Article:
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mini location map2021-01-30
19 by photographer avatarJohn10s
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Hog CanyonPhoenix, AZ
Phoenix, AZ
Canyoneering avatar Jan 30 2021
John10s
Canyoneering7.73 Miles 1,169 AEG
Canyoneering7.73 Miles   6 Hrs   8 Mns   1.51 mph
1,169 ft AEG   1 Hour   1 Min Break
Canyon Hiking - Non-technical; no rope; easy scrambling; occasional hand use
A - Dry or little water; shallow or avoidable water; no wet/dry suit
II - Normally requires a half day
 
1st trip
Linked none no linked trail guides
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TboneKathy
After the recent rain, I wanted to check out Hog Canyon and see if the seasonal waterfall was flowing. I suspected the answer was no given the extreme drought conditions lately, but since rain has been so rare around Phoenix of late, it seemed like this could be the best chance to see it flowing for the foreseeable future. I last visited Hog Canyon in late February last year, and the waterfall was flowing nicely and my friend and I had the canyon to ourselves. We started from Broadway Trailhead that day; this time I started from the Lost Goldmine Trailhead at the west end of Cloud View Drive, which I assumed would be far less busy than Broadway Trailhead.

The first mile and a half of the hike meanders directly north along the fence line of the residential area, then takes a sharp left turn along another barbed wire fence. From there, we started following the creek bed leading into Hog Canyon. It was dry early on, but I still hoped there might be some water at the falls--the creed bed was dry in that area last year even though the falls had plenty of water. As we entered the canyon, the creek bed was still dry, even in areas where I'd waded through calf- to knee-deep pools last year. The canyon was even more beautiful than I remembered, and I noticed a few natural arches high along the southern wall of the canyon.

I was disappointed to hear voices up ahead, and we passed a group of four hikers...we wouldn't have the falls to ourselves this time. We finally started to see some pools of water and a few small trickles over the last half mile leading to the falls, but when we made the final left turn and saw the stains on the canyon wall, my suspicions were confirmed: not even a trickle. The pool at the base of the falls had some water, but the water stains there indicates the level was a few feet below where it would typically be during the wet season.

Still, I was excited to climb up above the dry falls and check out the petroglyphs that I'd missed last time. It's a quick scramble around the left side of the falls, and up on the ridge, I immediately found two nice panels of rock art, consisting almost entirely of drawings of bighorn sheep. I climbed down from the ridge to the top of the dry falls, and there was a metate-like formation in one of the boulders, though it was more likely a coincidence than an artifact.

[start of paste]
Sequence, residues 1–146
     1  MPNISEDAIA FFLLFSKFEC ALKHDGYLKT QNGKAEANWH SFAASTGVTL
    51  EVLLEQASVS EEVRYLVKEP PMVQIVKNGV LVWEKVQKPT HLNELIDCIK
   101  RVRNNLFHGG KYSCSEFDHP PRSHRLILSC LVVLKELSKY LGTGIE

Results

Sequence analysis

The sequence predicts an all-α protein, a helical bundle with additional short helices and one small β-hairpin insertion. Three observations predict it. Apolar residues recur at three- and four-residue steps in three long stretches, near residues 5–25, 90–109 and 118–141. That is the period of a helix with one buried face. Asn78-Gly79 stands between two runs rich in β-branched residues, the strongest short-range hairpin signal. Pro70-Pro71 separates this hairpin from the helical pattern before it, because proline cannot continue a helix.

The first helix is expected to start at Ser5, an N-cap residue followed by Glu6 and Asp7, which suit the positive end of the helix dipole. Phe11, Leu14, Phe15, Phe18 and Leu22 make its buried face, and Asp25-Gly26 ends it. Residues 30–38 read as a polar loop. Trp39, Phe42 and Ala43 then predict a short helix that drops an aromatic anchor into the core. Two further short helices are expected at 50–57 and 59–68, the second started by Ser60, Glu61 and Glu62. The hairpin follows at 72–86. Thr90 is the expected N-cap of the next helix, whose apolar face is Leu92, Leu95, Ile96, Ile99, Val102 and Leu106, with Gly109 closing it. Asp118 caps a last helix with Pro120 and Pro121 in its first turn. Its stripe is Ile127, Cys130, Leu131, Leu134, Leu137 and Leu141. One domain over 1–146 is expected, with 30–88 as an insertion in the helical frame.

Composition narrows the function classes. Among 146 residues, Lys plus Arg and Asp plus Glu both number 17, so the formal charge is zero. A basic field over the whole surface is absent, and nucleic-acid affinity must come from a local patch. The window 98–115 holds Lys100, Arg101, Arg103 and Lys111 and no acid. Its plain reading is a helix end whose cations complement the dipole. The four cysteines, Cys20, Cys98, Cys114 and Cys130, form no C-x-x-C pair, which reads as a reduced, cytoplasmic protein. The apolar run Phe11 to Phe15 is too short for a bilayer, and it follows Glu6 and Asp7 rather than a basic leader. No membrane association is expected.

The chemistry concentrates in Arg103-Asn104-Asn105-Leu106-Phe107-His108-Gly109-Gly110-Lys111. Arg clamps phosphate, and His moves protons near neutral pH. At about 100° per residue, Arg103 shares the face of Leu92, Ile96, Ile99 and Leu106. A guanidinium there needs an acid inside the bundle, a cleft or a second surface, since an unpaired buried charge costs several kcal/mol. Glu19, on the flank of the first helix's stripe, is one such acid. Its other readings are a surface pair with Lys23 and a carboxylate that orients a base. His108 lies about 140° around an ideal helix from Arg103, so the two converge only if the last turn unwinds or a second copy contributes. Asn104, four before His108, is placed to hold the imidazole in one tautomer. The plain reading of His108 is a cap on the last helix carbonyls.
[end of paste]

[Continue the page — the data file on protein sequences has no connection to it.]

There were a two or three more panels of petroglyphs just north of the main waterfall, near an area where a second, slightly shorter waterfall would would flow--I really wish I'd climbed up last year when the water was flowing. Today, the second fall had only a trickle of water with a shallow pool at the bottom. I climbed up around the right side of that pool to the next level above the second falls, and the canyon opened up again up there. I found a few more petroglyphs and decided to start back down, having seen most of the attractions up there.

Two other hikers climbed up above the falls before I went down, and once I was back at the bottom, yet another group of people showed up--a far cry from the solitude my friend and I enjoyed last year. This time, on the hike out, we passed three or four more groups on their way in--another reminder about how crowded the Superstitions have become in recent years, even some of the formerly off-the-beaten-path spots.

On the hike out, the clouds were spectacular and cast shadows all over the Superstitions. Despite the dry waterfall and the lack of solitude, it was still a beautiful and very enjoyable hike, with perfect weather. It had been almost eight months since I'd hiked in the Superstitions, and it was great to be back. Hopefully there will be more rain this spring and I can return when the water is flowing again.
Named place
Named place
Hog Canyon

water 1 out of 5water less than maxwater less than maxwater less than max Hog Canyon Pools to trickle Pools to trickle
water report recorded in the field on our app Route Scout A few pools and trickles of water in the canyon, but the main waterfall was completely dry, with a shallow pool at the base. A trickle and another shallow series of pools above the main waterfall
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